Trump and the Glorification of War

It doesn't take a psychiatrist to see that, above all else, what drives Donald Trump the most is his desire to be a winner. While this aspect of his character is far from new, it has been highlighted time and again since he took office. Winning the election wasn't enough. He had to have won by the "biggest Electoral College margin since Reagan" (even though his victory was dwarfed by Obama twice, Bill Clinton twice, and George H.W. Bush) and also have been the rightful popular vote winner (despite losing by three million votes and there being no evidence supporting his claims of widespread voter fraud). He couldn't be happy with being sworn in as leader of the free world; his inauguration had to be the largest in history (even though it was clearly a smaller crowd than Obama's 2008 ceremony). It's a necessity for Trump to be the biggest, the best, the most dominant.

Normally, this type of one-man pissing contest just causes us to roll our eyes and mutter a snarky comment about the president's obvious insecurities.

But then he incorporates our national security into his alpha-male ludicrousness, and suddenly a simple character flaw turns into something much more disturbing.

It started last Thursday, when Trump said in an interview that the United States had "fallen behind on nuclear weapon capacity" and that he wanted us to be "top of the pack" when it comes the nations with nuclear armaments. Then on Monday, the president unveiled his budget proposal. His plan calls for a 10% increase in military spending (totaling $54 billion) to be paid for by drastic cuts to most non-defense agencies, including massive cuts to the State department. He followed it up on Monday with a speech to U.S. governors in which he lamented that "we never win wars anymore" and claimed that "we have to start winning wars again."

If this type of talk scares you, know that you aren't alone. A recent survey from NBC News showed that a whopping 66% of Americans are afraid that the country will become engrossed in a major war during Trump's term in office.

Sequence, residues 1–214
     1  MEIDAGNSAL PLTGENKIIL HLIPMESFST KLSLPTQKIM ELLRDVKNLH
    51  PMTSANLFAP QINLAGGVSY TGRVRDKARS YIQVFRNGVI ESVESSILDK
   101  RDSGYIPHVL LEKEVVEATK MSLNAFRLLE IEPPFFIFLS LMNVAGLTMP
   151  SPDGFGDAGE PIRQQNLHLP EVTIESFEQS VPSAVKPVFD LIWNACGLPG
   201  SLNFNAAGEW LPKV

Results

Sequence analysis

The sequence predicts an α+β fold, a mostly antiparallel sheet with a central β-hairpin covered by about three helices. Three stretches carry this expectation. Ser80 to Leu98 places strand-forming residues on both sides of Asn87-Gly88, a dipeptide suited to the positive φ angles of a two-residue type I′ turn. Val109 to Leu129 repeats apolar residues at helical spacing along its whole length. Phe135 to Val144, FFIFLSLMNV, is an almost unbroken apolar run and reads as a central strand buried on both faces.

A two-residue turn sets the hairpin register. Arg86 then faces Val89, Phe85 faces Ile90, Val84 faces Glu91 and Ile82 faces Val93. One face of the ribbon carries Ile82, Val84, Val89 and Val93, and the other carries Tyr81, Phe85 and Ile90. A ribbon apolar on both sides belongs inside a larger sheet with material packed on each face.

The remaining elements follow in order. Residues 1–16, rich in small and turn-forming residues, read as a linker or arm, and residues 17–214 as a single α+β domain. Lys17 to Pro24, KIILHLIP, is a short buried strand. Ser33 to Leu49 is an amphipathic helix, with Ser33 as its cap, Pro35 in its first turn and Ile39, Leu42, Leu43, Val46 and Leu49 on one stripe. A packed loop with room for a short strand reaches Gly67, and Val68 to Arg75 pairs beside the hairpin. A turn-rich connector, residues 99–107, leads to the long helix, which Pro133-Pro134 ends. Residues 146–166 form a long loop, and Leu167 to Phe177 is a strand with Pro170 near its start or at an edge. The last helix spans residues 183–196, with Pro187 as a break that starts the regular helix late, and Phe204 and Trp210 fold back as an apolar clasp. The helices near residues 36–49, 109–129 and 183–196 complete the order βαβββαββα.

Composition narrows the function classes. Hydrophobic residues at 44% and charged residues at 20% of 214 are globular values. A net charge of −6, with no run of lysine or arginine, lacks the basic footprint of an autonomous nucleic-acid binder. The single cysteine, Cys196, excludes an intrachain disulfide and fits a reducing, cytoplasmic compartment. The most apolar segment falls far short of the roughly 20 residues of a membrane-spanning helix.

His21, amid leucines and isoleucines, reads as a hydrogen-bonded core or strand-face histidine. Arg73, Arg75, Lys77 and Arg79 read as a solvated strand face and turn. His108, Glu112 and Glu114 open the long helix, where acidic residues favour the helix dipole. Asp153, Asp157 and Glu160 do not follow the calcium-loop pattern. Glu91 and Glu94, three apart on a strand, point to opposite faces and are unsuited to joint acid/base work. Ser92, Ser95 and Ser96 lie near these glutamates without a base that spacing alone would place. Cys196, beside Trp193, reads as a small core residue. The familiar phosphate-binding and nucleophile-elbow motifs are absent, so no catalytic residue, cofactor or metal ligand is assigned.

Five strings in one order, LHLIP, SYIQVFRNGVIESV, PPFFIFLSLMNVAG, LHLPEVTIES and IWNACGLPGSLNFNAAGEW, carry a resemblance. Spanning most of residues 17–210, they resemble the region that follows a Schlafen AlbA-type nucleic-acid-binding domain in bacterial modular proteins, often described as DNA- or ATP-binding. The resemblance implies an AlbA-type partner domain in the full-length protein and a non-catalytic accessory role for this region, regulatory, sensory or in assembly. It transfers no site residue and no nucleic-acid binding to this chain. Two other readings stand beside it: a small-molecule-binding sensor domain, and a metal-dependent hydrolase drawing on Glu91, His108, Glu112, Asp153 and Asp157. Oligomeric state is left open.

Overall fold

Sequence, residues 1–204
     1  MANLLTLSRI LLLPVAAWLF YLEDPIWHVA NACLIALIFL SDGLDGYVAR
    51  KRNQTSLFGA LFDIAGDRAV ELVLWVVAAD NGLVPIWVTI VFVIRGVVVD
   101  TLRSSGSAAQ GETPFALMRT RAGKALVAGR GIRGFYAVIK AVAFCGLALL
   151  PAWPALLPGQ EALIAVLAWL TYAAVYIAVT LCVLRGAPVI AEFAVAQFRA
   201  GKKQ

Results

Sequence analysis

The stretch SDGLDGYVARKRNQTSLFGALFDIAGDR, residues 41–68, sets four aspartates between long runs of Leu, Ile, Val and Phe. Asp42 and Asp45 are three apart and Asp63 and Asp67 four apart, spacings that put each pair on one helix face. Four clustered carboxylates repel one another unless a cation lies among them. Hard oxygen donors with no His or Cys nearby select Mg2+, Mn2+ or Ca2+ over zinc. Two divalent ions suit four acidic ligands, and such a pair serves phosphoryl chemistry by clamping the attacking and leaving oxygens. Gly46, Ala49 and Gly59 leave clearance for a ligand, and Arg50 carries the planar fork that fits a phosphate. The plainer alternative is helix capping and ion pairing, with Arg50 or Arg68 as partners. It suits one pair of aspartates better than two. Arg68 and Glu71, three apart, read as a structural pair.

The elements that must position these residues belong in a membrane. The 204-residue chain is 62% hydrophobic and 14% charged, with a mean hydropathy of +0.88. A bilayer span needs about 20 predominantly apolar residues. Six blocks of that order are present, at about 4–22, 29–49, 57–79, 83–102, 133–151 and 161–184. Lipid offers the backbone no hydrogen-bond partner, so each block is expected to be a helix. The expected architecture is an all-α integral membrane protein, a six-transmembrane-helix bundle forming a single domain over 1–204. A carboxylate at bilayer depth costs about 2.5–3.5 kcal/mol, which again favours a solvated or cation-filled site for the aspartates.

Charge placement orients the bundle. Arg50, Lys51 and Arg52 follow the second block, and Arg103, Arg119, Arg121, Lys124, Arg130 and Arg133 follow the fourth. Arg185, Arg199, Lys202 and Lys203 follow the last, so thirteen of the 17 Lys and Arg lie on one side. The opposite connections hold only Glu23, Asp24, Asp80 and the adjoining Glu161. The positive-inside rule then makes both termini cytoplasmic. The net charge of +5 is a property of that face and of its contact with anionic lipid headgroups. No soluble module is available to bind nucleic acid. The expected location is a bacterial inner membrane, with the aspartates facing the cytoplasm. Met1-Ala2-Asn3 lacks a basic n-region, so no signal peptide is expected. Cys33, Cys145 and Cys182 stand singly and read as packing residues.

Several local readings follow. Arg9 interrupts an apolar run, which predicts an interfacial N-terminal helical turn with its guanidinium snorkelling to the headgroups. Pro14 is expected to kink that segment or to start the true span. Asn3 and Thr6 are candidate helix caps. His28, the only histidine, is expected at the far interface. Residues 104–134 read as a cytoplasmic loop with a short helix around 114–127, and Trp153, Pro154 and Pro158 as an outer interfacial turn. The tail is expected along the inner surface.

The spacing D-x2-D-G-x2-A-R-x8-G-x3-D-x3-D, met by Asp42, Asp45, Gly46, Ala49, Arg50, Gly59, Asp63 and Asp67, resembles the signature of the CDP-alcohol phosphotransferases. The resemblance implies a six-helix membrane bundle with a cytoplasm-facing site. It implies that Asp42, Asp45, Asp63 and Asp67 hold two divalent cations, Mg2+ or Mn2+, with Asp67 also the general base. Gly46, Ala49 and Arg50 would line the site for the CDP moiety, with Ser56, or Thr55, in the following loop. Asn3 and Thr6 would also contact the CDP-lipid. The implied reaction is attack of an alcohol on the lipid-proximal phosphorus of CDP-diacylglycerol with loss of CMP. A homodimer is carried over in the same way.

This is an area where Trump's bluster and bombast can have actual, dangerous repercussions. If he really were to take steps to expand America's nuclear arsenal, it would represent a reversal of decades of progress. At the peak of the Cold War, the U.S. and Russia alone had over 60,000 nuclear weapons. Now, the entire planet's nuclear arsenal is less than a third of that total. That's still more than enough firepower to end human civilization as we know it many times over, but it is nonetheless a huge step in the right direction. We have enough threats to our long-term viability on this planet right now with climate change, starvation, water shortages, and disease (just to name a few). Do we really need to add a new nuclear arms race to the ever-growing list?

Trump's Strangeloveian nuke fetish is disturbing, but it appears to be a symptom of a broader love for war and military action. And it's not love in a "support our troops" sense, either. He talks about war, not as a way to make our country safer, but as a way to show everyone else who's boss and enrich ourselves in the process. According to Trump, the biggest problem with the Iraq War wasn't the lives lost (including 4,500 American servicemen and at least 66,000 civilian noncombatants) or the insane cost (over $2 trillion dollars); it was that we didn't plunder Iraq's oil reserves to pay for it (which is a war crime, by the way). But don't worry! Trump says we may get another chance to go in and get that oil after all.

I'm not being as naïve as to deny that all modern American presidents have had to utilize military force at times, or that they always do it in a way that always follows the letter of the law 100% of the time. Barack Obama was surely a lot more trigger happy with drone strikes than many liberals were comfortable with, and people are still analyzing the Bush administration's bumbled handling of the wars in Iraq and Afghanistan. But none of Trump's predecessors every glorified war in the way he has done. None of them disrespected our military by complaining about how we don't win wars anymore, and none of them spoke with such excitement about the chance to get back to "winning again."

War is not a thing to celebrate or glorify. It is (or should be) an absolute last resort. Because there are no real winners in war. Even the country that emerges victorious experiences the traumatic aftermath of lives lost, minds broken, and families torn apart.

Some argue that there are "just wars," in which going to war is the moral action to take in order to prevent suffering. Others claim that there is no such thing, and that wars are immoral in and of themselves. I'll leave that argument for others. I just hope we can all agree on one thing that is not a legitimate reason for war: stroking the ego of the narcissist in the Oval Office.